Moderator, Prof. Joe Elder. Elder is a University of Wisconsin-Madison Professor in the Departments of Sociology, Languages and Cultures of Asia, and Integrated Liberal Studies. In addition to producing a lifetime of scholarly books, articles, and documentary films, Elder has helped organize campus "teach-ins" against US military activities in Vietnam and southwest Asia. In 2009 the Wisconsin Network for Peace and Justice awarded Elder its "Lifetime Peacemaker Award" for his reconciliation activities in My Lai (site of the 1968 massacre in Vietnam) and for serving as a Quaker message-carrier between opposing sides in India, Pakistan, Vietnam, the USA, Korea, and Sri Lanka.
Many loyal Republicans opposed impeaching George W. Bush. So did most liberal and progressive activist groups, labor unions, peace organizations, churches, media outlets, journalists, pundits, organizers, and bloggers, not to mention most Democratic members of Congress, most Democrats dreaming of someday being in Congress, and -- toward the end of the Bush presidency -- most supporters of candidate Barack Obama or candidate Hillary Clinton.
Remarkably in the face of this opposition, a large percentage and often a majority of Americans told pollsters that Bush should be impeached. It's not clear, however, that everyone understood why impeachment was needed. Some might have supported a successful impeachment of Bush and then turned around and tolerated identical crimes and abuses by a Democrat, assuming a Democrat managed to engage in them. But this is the point: whoever followed Bush's impeachment would have been far less likely to repeat and expand on his tyrannical policies. And the reason many of us wanted Bush impeached -- as we said at the time -- was to prevent that repetition and expansion, which we said was virtually inevitable if impeachment was not pursued.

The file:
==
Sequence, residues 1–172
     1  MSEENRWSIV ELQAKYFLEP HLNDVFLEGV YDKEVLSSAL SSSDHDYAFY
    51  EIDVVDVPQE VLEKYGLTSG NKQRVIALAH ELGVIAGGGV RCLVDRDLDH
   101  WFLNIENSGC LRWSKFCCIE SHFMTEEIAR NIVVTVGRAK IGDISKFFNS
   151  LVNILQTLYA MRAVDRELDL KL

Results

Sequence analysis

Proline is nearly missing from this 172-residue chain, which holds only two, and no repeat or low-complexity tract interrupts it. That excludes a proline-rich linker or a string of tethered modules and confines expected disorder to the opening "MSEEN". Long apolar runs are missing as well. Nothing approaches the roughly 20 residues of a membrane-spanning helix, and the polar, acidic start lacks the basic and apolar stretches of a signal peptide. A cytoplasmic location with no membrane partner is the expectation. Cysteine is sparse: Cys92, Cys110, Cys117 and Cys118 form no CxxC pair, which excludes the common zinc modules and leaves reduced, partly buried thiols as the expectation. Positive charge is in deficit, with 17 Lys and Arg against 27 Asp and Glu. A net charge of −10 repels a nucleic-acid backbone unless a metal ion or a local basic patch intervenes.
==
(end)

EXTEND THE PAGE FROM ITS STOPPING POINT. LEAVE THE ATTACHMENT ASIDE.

Can You Hear Me Now?
"You just hate Republicans" was the most common argument against impeachment, but there were others. "It's more important to elect someone different." "Why do you want President Cheney?" "Why do you want President Pelosi?" "Why distract from good work?" "Why put the country through trauma?" "Why not focus on ending war?" "Why not do investigations?" "Why divide the Democrats?" "Why start a process that can't succeed?" "Why destroy the Democratic Party the way impeaching Clinton destroyed the Republican Party?" We answered these questions as patiently as possible at great length and enormous repetition for years and years.
People pursued alternatives to impeachment, from spreading the word about how bad the crimes and abuses were, to pushing legislation to redundantly re-criminalize Bush's criminal behavior, to promoting supposedly lesse-evil candidates, to promoting truly good candidates, to constructing ways to drop out of society and wash one's hands of it. The trouble was that when you let a president spy without warrant, imprison without charge, torture, kill, lie, make war, operate in secret, rewrite laws, and persecute whistleblowers, you can predict -- as we predicted for years -- that the next president will adopt and build on the same policies. Nothing short of punishing the offender will deter the successor.
In fact, the new president, working with Congress and all of his other facilitators, has turned abuses into policies. The scandal and secretiveness have been replaced with executive orders and legislation. Crimes are now policy choices. Checking off lists of murder victims is official open policy. Secret laws are normal. Secretly rewritten laws are established practice. Spying in violation of the Fourth Amendment is openly defended and "legalized," with sporadic bursts of public outrage and establishment excusing, following new detailed revelations. Whistleblowing is being transformed into treason.